Almost a decade ago, I wrote an editorial titled, “We Have a Problem America.” I had recently listened to a radio talk show that dealt with problems in the United States. The group of panelists was all convinced the prime issue for America was the lack of college students—and in particular graduates. It was hardly surprising to hear this view, as the panel was university educators and politicians. The message they were sending was loud and clear: without higher education, you are a failure in life. My editorial dealt with the growing disrespect given to the blue-collar worker. 

It’s clear that Donald Trump has struck a chord with a mass of people. Interview after interview revealed blue-collar workers expressing frustration from being forgotten and ignored. In retrospect, the campaign slogan was heard by skilled craft workers who felt they lost their place in respect to American society. “Make America Great Again” made blue-collar workers think about those same professors I heard on the radio panel. Even when Trump spoke and asked disenfranchised America the question, “What do you have to lose?” I think many blue-collar workers of America heard him again.

The Democratic Party has traditionally been the party of labor. While union leaders were supporting Clinton, it appears many rank and file workers felt differently. In addition, with being down to 10 percent market share, unions likely over estimated their impact on the election. While I cannot explain how a billionaire from an elite school could connect with the blue-collar workers, it is undeniable that he did exactly that.

If he follows through on what he promised, things could change. After any election, there’s also anxiety about what the next term will be like. Could things get better? An example would be our own construction industry that has become bloated with well-intended but overzealous regulations and risk juxtaposed to the severe shortage of skilled labor for the future.

Most skilled construction work today is performed by workers that had come into the trades with little to no proper training at their craft. Traditionally, the country relied on labor unions for this training. It worked as they had significant market share and their programs reached virtually all workers. Even most open shop workers came from these programs. The programs worked well and they were vital to building America. Today is a new world; 90 percent of younger workers on construction sites have never been in any apprenticeship program. Is it time to re-think how we will attract and train the next generation of skilled workers?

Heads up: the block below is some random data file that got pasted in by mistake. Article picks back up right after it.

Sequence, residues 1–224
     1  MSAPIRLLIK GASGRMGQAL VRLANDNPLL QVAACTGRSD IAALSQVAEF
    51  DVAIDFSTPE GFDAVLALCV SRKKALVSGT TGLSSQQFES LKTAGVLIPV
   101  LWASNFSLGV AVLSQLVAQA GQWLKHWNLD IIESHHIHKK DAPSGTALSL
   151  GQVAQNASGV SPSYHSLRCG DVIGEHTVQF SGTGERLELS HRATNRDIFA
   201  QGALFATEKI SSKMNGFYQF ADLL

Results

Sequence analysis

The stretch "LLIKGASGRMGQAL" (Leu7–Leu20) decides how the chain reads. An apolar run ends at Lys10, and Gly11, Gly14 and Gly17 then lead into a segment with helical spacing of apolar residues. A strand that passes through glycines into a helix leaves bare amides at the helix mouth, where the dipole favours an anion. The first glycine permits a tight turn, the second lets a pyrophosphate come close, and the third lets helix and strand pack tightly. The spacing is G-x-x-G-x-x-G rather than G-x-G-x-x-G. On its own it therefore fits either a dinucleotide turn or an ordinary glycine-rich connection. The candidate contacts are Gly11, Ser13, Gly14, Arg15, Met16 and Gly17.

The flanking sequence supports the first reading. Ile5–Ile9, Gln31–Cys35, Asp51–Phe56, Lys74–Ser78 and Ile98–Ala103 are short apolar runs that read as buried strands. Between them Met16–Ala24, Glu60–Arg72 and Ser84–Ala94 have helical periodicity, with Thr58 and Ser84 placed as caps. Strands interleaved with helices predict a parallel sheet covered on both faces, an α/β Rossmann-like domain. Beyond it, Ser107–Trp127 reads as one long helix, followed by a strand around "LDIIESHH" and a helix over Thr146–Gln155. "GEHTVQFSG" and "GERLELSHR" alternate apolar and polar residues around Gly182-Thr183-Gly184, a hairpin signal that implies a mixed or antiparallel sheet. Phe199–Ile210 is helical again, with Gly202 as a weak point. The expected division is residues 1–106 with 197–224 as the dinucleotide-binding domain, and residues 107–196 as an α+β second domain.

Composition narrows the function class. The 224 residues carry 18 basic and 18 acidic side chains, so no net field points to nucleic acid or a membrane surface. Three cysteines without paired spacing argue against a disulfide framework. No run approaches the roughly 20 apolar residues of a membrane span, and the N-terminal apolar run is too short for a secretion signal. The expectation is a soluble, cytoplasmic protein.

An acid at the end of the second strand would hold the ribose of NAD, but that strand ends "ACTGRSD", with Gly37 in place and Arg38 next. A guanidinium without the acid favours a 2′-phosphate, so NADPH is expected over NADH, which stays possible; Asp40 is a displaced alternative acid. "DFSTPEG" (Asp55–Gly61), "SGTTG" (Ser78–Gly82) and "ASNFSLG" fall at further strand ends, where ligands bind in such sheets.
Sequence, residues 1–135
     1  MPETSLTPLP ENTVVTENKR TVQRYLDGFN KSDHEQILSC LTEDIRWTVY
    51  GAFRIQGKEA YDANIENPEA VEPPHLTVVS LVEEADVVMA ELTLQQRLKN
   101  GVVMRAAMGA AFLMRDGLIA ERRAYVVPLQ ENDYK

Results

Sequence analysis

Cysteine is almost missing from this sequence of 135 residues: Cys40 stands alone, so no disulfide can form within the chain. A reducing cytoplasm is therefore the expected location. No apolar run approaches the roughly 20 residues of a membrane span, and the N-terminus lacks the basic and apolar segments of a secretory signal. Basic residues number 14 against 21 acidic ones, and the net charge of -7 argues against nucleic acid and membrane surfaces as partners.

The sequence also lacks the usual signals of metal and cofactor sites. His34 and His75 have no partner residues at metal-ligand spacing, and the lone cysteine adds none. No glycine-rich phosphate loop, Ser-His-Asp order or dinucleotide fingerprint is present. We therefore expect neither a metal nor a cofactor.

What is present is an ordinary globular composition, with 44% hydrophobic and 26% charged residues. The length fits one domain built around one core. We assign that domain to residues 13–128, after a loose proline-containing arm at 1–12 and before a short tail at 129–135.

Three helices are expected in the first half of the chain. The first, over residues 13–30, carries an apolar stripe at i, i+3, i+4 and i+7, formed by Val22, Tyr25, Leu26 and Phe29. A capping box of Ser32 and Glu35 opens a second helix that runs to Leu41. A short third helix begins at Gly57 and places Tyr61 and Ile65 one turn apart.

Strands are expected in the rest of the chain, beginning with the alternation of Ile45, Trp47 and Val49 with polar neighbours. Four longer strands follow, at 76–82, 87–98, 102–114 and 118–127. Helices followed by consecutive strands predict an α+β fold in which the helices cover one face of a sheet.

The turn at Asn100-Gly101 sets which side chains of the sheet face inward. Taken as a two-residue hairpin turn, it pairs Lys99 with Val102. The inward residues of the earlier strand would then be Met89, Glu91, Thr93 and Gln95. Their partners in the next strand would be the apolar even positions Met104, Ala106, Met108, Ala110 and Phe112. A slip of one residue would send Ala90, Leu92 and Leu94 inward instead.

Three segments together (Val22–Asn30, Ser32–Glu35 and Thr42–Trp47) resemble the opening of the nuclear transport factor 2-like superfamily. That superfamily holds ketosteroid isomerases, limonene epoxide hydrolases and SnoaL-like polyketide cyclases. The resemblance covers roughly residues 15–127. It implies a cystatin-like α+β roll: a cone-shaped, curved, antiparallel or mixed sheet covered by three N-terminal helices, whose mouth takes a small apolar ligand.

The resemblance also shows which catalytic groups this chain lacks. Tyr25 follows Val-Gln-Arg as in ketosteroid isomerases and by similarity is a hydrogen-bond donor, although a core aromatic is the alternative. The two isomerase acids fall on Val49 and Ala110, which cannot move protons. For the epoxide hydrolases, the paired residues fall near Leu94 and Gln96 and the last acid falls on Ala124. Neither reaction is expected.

Those blue collar workers seemed to have spoken with their votes and now the question is what will President Trump do? He is a builder. He is likely to comprehend the change needed in construction trends and secure a future for American skilled trade workers more succinctly than politicians. Could we be in for a fundamental shift in the method of recruiting, training and funding American skilled construction trades?

A Look Overseas

I recently was in Europe and had some interesting meetings with the European Union. We exchanged information and compared the state of the construction trades for America and Europe. Turns out, the E.U. has had similar issues attracting young people to the trades and a lack of training. The E.U. decided they had to change direction. In 2013, they announced funding plans to attract and train apprenticeship with a commitment of €80 billion to the open shop market over the next decade. The data I found from the U.S. side is not quite so impressive. Most funds in the United States are still directed toward the historically established programs and neglect 90 percent of the market. We did away with wood and metal shop as we shifted funds to more trendy programs. This hurt recruitment for construction. How does America plan to overcome the shortage of skilled workers needed for construction?

Maybe President Trump will alter the status quo and divert funds. What will President Trump and his administration do? It is anyone’s guess. He might shift away from established and shrinking apprenticeship programs to reach the masses. Consider the fact that as England prepares to exit the E.U., they are implementing the Apprenticeship levy starting May 2017, to address a similar training problem America is experiencing. While this major re-shift in training may seem unthinkable, so did a President Trump prior to November 2016.